The answer to this question is a simple chemical reaction that goes on the inside of the fuel tank. It is ready to catch us off-guard if we persist in avoiding the dynamics of the system.

As it turns out, the gas-filled inside the tank consists of 10% ethanol. The ethanol gas is hygroscopic in nature and thus absorbs water. On coming in contact with the oxygen in the tank it oxidizes leaving behind a concentrated corrosive substance. The corrosive substance produced can clog the carburetor or leads to varnish and rusting of the fuel system. Understanding the concept will help us to be timely with the work and prevent the gasoline from breaking down.

Snow blowers at Jacks provides a guide that will help you understand the problem in detail, as well as suggest some useful tips that will clear things up.

When is the right time to drain gas?

Right before off-season storage is the right time to drain gas even if its stabilized. You would not want the gas to sit in for long because for how long the gas will behave well is not promised.
Also, two weeks old gas is not advised to be kept in the tank as this can lead to oxidation, varnish, or rusting of the fuel system. The stabilizer can not prevent the degradation of the old fuel. Which is why the gas has to be drained before use or off-season storage.

Information that can save you cost and effort

 

Health and safety measures

The snowblower has to kept away in a cool and dry place because you wouldn’t want any unwanted reaction to take place out of the blue. Place it at someplace off the ground or above the Mat to prevent damage from rain or melting snow.

It’s better to not risk the good condition of the snowblower by exposing it to the dirt and dust. This is why slow blower storage sheds are made available for those who are struggling with a limited garage space.

Storing fuel for a longer-term. Is it good?

There is both good and bad fuel and to answer this question first we need to understand their nature separately. Adding new fuel will extend its life span to 45 to 90 days or about 6 to 9 months. However, adding stabilizer to old fuel would not prevent it from deteriorating and decimating the system.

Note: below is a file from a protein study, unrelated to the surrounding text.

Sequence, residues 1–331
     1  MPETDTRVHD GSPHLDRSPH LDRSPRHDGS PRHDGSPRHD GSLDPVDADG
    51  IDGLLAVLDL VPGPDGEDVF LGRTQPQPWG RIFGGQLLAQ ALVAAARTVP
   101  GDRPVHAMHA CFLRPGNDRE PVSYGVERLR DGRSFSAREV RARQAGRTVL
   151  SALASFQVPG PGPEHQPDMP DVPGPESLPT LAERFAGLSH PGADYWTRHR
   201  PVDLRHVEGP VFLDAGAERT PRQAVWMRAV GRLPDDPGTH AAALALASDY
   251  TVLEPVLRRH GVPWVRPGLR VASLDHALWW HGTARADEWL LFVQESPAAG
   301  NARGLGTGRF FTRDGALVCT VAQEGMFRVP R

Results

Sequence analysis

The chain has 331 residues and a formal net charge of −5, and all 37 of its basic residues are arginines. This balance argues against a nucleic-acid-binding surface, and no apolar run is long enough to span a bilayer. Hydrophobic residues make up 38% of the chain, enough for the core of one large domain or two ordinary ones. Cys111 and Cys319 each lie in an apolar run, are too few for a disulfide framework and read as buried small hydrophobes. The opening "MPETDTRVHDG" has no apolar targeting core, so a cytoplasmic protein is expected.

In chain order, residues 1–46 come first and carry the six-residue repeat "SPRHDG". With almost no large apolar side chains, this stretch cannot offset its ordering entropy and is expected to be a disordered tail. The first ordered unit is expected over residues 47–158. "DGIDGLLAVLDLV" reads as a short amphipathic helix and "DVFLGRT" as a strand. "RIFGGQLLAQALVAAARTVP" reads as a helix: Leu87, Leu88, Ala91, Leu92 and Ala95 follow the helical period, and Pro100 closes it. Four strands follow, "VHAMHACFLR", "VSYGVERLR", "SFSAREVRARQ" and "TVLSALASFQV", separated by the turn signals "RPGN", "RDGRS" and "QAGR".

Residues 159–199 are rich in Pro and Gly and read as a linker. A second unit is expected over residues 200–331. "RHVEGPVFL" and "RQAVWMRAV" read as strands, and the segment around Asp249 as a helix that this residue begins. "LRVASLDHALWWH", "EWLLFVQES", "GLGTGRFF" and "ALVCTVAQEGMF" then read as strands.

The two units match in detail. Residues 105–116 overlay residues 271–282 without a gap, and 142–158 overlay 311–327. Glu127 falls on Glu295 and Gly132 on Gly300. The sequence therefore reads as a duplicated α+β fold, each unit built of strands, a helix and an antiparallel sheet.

So, it’s better to never leave gas in a snowblower for an extended length of time.

How is mixing new gas with the old gas

New gas can be mixed with the old gas if it is not contaminated. We need to be cautious of the dirt or dust particles trapped inside and dispose of it in case the worry turns out to be real.
However, if such is not the case then diluting the old gas with new might work if the old gas has not lost its ability to perform and ignite the engine.

How long can gas sit in a gas tank before goes bad

The durability of pure gas is between three to six months before it begins to evaporate and oxidize. So, make sure you do the timely work before the fuel gets old.

Ethanol-based blends or 100 percent gasoline?

E10 blend is ethanol-blended gasoline that contains about 10% of ethanol in it and is mostly used for a snowblower. However, the quantity of ethanol does not imply the absence of risk. It is recommended to use ethanol-free gasoline for storing away small engines.

Other than the fuel system, other parts of the snowblower also require maintenance. Ariens blog will help you cover all the necessary steps required to be at your A-game next winter.